Doris Damman Day spoke those words to a friend when she shared the plans for the foundation.

Doris and Victor Day knew that money was essential in bringing change and betterment to a community. They felt that the rewards of their life and work in the Quad Cities might best stay at home to create a better life for their friends and neighbors. They elected to establish a foundation with the major portion of their estate.

Vic and Doris chose trusted friends to guide the foundation as a force for the betterment of the community. The president was to be their attorney for many years; the vice-president was chair of the board of the bank where the funds were in trust; the secretary-treasurer lived a half block down the street and was the son of the attorney with whom Vic first discussed the foundation concept in 1965.

It was the responsibility of those three trustees to make the vision of a “better place” a reality in the Quad Cities. The foundation office opened in August of 1987, and for the past 35 years the trustees have sought to bring Doris and Vic’s dream to life.

A “better place” is a community in which all the citizens share the good life with adequate shelter, food, and medical care. A “better place” is a community in which opportunities for growth and development are available.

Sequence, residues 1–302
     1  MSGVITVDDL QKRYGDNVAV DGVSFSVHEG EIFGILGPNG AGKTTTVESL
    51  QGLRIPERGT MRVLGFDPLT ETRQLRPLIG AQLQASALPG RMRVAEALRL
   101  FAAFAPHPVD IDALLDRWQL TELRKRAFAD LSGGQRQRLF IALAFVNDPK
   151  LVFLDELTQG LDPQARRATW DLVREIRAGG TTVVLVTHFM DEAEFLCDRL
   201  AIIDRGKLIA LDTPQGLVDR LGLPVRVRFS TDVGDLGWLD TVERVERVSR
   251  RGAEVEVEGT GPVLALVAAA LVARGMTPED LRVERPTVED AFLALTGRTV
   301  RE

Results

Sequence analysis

A “better place” is a community in which citizens work together to face the challenges of life.

To reach some of those goals as a “better place” the trustees have emphasized grants that meet basic human needs. Emergency assistance, affordable housing, childcare, job training, support programs, scholarships, and education have been the focus of many grants during the past 35 years of the foundation’s life.

Initial funding from the estate was in excess of $10 million. The foundation is intended to exist in perpetuity.

With that goal the trustees in the beginning established an investment philosophy in which the asset value of over $16 million reflects a commitment to have an increase in dollars available for granting.

The directors are always aware that the foundation assets are a result of the generous spirit of Doris and Victor Day. The walls of the office hangs signage from the Days and Bear Manufacturing Company. The physical reminder of the founders challenges the directors to honor the trust of their appointment by the Days.

The listing of present grants and testimonies of grants reveal the attempts of the directors to fulfill the prediction that Rock Island the Quad Cities will be “a better place.”